As you have seen, packets may take on several different states within the
kernel itself, depending on what protocol we are talking about. However,
outside the kernel, we only have the 4 states as described previously. These
states can mainly be used in conjunction with the state match which will then
be able to match packets based on their current connection tracking state. The
valid states are NEW,
ESTABLISHED, RELATED and
INVALID. The following table will briefly explain
each possible state.
Table 7-1. User-land states
The NEW state tells us that the packet is
the first packet that we see. This means that the first packet that the conntrack
module sees, within a specific connection, will be matched. For example, if we see a
SYN packet and it is the first packet in a connection
that we see, it will match. However, the packet may as well not be a
SYN packet and still be considered
NEW. This may lead to certain problems in some instances,
but it may also be extremely helpful when we need to pick up lost connections
from other firewalls, or when a connection has already timed out, but in
reality is not closed.
The ESTABLISHED state has seen traffic in both
directions and will then continuously match those packets.
ESTABLISHED connections are fairly easy to understand. The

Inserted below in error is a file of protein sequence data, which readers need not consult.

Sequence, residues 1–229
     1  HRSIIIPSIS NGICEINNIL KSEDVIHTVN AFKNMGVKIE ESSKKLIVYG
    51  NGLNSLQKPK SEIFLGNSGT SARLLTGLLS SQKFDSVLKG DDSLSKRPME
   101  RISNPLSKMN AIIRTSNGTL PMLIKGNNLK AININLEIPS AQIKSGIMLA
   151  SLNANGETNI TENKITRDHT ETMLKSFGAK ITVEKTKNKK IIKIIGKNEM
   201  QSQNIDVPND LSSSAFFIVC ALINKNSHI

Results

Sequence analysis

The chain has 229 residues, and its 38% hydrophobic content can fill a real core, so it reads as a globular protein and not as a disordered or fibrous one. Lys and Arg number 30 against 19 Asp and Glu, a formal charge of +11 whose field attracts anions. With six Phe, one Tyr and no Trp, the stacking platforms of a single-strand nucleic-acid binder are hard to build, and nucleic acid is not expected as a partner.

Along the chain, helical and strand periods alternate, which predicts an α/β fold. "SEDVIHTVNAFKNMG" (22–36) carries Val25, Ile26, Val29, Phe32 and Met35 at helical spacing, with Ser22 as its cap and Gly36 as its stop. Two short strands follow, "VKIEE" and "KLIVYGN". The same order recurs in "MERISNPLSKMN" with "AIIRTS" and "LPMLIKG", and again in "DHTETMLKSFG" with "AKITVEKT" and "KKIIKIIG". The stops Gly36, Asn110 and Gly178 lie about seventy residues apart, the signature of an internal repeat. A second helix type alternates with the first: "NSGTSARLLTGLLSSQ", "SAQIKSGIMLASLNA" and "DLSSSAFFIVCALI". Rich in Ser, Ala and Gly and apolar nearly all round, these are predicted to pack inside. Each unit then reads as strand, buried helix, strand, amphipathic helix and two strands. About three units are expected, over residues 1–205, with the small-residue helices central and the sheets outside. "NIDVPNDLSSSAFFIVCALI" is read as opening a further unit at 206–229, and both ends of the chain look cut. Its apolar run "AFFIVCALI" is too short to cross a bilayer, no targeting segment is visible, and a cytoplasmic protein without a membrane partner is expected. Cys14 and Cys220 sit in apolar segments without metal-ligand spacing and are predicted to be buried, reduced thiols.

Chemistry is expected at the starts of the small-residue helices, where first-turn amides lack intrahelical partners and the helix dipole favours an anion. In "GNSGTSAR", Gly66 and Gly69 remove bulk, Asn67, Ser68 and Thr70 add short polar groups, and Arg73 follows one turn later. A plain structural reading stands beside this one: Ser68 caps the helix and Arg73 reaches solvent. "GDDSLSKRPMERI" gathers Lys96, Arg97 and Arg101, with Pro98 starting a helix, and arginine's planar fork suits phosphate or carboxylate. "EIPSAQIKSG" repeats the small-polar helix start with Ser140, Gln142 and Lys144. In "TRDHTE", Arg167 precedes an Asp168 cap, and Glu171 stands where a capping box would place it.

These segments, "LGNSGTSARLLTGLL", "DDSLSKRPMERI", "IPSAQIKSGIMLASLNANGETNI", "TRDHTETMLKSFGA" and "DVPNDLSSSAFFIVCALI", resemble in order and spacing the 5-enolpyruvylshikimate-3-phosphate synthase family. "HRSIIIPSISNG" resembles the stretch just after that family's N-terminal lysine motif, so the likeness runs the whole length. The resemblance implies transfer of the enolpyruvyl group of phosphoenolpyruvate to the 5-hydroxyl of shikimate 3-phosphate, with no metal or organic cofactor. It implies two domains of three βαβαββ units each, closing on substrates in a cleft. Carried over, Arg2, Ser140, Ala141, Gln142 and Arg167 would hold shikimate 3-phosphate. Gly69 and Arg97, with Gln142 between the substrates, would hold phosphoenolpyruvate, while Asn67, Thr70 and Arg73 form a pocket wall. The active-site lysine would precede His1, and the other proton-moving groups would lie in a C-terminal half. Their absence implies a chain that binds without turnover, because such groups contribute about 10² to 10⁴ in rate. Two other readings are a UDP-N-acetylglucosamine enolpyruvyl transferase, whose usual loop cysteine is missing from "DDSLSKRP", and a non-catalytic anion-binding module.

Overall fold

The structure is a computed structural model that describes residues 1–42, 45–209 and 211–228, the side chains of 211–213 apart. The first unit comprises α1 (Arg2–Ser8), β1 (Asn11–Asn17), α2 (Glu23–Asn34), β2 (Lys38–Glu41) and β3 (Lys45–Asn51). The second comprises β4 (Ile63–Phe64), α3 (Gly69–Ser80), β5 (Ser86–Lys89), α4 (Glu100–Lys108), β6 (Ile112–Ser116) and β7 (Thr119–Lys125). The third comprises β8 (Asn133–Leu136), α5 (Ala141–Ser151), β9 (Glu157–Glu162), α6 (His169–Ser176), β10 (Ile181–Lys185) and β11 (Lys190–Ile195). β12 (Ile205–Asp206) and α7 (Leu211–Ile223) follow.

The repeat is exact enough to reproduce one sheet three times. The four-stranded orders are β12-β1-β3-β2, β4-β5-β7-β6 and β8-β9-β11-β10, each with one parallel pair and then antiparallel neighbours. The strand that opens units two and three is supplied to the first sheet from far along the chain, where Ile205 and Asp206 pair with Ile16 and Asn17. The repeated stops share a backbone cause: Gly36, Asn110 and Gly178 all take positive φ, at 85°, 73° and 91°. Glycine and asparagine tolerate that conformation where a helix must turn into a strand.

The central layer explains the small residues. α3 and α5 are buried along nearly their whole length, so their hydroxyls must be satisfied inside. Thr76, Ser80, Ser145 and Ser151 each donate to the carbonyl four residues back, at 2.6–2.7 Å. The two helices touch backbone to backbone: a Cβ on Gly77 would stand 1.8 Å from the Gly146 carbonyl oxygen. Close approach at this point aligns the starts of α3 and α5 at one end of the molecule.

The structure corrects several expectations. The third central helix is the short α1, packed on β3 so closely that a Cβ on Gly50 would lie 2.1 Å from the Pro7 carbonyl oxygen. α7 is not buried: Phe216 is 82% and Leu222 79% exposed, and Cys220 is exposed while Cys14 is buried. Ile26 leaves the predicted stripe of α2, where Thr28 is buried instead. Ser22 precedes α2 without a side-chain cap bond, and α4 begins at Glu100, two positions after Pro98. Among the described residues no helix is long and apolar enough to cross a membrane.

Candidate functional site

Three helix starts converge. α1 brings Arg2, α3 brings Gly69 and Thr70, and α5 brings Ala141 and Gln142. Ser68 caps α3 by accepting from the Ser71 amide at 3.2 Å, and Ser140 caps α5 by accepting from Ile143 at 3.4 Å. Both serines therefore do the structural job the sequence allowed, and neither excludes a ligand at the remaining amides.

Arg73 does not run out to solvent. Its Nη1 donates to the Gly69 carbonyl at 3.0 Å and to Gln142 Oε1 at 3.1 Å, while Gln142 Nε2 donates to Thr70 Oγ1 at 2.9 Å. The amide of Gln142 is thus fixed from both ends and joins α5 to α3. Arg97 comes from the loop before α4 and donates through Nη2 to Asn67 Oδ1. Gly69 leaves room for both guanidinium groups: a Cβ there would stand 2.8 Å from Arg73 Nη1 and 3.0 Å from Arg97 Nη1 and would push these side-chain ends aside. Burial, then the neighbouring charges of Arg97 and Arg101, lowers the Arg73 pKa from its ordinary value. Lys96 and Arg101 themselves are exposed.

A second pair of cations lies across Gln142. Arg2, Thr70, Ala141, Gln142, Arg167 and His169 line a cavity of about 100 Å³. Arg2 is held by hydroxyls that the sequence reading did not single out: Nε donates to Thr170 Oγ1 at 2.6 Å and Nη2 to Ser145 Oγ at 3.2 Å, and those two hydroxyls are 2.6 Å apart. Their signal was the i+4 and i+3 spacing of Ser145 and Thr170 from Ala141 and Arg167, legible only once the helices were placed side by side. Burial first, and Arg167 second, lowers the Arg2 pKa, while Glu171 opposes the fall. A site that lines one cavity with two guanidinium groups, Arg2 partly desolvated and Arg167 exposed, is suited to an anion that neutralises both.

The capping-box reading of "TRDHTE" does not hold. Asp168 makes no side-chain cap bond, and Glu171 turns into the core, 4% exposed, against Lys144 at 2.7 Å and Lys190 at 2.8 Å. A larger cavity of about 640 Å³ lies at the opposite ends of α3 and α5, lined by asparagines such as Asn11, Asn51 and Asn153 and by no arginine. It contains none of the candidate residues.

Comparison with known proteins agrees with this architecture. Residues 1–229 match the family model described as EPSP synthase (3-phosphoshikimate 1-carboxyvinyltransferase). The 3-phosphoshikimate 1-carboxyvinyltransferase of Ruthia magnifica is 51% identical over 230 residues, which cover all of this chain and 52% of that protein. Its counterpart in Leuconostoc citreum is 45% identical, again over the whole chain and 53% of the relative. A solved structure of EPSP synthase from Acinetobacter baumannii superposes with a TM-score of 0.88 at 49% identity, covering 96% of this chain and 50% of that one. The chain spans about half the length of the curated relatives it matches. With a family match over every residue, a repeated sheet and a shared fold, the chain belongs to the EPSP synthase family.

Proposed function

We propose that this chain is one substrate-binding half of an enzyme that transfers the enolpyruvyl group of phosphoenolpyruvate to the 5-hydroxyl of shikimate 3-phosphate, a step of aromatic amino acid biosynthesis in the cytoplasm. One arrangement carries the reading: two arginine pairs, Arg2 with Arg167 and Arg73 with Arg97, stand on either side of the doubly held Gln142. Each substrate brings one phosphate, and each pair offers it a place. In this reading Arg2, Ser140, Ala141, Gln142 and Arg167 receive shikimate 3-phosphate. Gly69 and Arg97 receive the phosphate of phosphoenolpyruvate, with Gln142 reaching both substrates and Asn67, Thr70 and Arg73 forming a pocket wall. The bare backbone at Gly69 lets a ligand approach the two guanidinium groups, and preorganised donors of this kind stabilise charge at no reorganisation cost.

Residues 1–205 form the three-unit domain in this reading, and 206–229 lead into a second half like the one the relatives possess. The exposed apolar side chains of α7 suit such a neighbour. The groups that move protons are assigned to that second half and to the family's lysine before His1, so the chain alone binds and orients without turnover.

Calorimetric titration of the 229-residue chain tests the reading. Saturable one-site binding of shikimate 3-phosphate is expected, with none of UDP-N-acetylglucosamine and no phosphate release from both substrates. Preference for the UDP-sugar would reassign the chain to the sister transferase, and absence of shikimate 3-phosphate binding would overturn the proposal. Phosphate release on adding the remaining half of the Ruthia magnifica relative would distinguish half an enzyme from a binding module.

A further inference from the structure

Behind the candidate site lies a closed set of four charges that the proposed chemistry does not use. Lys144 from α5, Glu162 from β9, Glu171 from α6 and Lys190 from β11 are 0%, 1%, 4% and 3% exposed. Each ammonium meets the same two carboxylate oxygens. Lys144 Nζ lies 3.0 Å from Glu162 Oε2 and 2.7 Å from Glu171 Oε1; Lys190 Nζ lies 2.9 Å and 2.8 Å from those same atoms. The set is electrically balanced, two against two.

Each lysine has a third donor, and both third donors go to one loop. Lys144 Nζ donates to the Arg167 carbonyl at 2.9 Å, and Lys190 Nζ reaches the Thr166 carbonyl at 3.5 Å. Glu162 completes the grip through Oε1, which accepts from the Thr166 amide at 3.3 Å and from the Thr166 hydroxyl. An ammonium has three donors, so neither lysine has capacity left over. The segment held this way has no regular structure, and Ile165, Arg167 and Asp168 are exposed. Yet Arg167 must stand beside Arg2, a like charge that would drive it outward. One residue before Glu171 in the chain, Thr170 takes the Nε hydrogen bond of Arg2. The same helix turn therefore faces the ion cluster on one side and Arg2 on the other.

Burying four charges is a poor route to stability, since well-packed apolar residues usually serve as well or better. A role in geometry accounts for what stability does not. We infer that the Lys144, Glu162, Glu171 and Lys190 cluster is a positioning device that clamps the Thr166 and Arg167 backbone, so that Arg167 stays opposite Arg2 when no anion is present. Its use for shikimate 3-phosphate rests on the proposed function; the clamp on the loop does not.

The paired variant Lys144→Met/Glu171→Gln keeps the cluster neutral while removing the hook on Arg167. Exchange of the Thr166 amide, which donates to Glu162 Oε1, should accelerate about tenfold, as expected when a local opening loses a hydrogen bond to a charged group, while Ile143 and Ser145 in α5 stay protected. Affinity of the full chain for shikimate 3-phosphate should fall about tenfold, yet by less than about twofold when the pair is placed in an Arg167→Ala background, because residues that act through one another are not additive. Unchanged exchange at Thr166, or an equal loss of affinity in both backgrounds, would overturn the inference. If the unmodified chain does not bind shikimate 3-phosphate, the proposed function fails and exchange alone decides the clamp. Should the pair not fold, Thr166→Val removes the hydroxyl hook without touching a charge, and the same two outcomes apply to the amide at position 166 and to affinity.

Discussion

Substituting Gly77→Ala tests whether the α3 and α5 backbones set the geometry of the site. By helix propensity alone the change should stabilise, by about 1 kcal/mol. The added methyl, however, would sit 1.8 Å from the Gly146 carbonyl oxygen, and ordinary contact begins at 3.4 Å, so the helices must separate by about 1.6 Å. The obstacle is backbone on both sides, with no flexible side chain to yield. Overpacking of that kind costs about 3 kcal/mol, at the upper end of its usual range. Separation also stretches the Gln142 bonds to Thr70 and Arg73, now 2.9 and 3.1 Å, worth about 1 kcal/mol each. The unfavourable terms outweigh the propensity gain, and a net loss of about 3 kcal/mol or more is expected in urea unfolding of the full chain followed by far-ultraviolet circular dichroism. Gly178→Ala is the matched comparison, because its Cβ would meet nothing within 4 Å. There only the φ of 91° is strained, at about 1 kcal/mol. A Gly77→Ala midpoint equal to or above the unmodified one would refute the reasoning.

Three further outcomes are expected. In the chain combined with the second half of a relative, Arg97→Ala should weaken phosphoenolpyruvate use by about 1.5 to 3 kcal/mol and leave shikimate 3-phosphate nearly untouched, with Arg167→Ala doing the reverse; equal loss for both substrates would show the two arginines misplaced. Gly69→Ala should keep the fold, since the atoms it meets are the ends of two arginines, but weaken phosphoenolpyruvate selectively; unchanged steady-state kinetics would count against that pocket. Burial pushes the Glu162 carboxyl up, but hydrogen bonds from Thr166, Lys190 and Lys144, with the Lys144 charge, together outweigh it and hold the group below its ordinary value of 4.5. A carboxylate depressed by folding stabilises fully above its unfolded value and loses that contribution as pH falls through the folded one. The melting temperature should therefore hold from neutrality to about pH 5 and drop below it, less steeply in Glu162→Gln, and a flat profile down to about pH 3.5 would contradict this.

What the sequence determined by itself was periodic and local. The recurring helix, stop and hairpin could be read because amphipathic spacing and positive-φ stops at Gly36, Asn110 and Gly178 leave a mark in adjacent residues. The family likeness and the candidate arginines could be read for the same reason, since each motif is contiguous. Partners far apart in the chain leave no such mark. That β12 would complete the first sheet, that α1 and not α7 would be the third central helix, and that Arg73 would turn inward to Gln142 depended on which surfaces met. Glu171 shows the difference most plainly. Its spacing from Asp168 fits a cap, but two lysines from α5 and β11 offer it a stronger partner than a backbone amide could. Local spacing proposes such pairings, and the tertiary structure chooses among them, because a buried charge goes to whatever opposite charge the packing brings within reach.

only requirement to get into an ESTABLISHED state is that
one host sends a packet, and that it later on gets a reply from the other
host. The NEW state will upon receipt of the reply packet
to or through the firewall change to the ESTABLISHED state.
ICMP reply messages can also be
considered as ESTABLISHED, if we created a packet
that in turn generated the reply ICMP message.
The RELATED state is one of the more tricky
states. A connection is considered RELATED when it is
related to another already ESTABLISHED connection. What
this means, is that for a connection to be considered as
RELATED, we must first have a connection that is considered
ESTABLISHED. The ESTABLISHED connection
will then spawn a connection outside of the main connection. The newly spawned
connection will then be considered RELATED, if the
conntrack module is able to understand that it is RELATED.
Some good examples of connections that can be considered as
RELATED are the FTP-data
connections that are considered RELATED to the
FTP control port, and the
DCC connections issued through
IRC. This could be used to allow
ICMP error messages, FTP transfers
and DCC's to work properly through the firewall. Do
note that most TCP protocols and some
UDP protocols that rely on this mechanism are quite
complex and send connection information within the payload of the
TCP or UDP data segments,
and hence require special helper modules to be correctly understood.
The INVALID state means that the packet
can't be identified or that it does not have any state. This may be due to
several reasons, such as the system running out of memory or
ICMP error messages that do not respond to any known
connections. Generally, it is a good idea to DROP
everything in this state.
These states can be used together with the --state
match to match packets based on their connection tracking state. This is what
makes the state machine so incredibly strong and efficient for our firewall.
Previously, we often had to open up all ports above 1024 to let all traffic
back into our local networks again. With the state machine in place this is
not necessary any longer, since we can now just open up the firewall for
return traffic and not for all kinds of other traffic.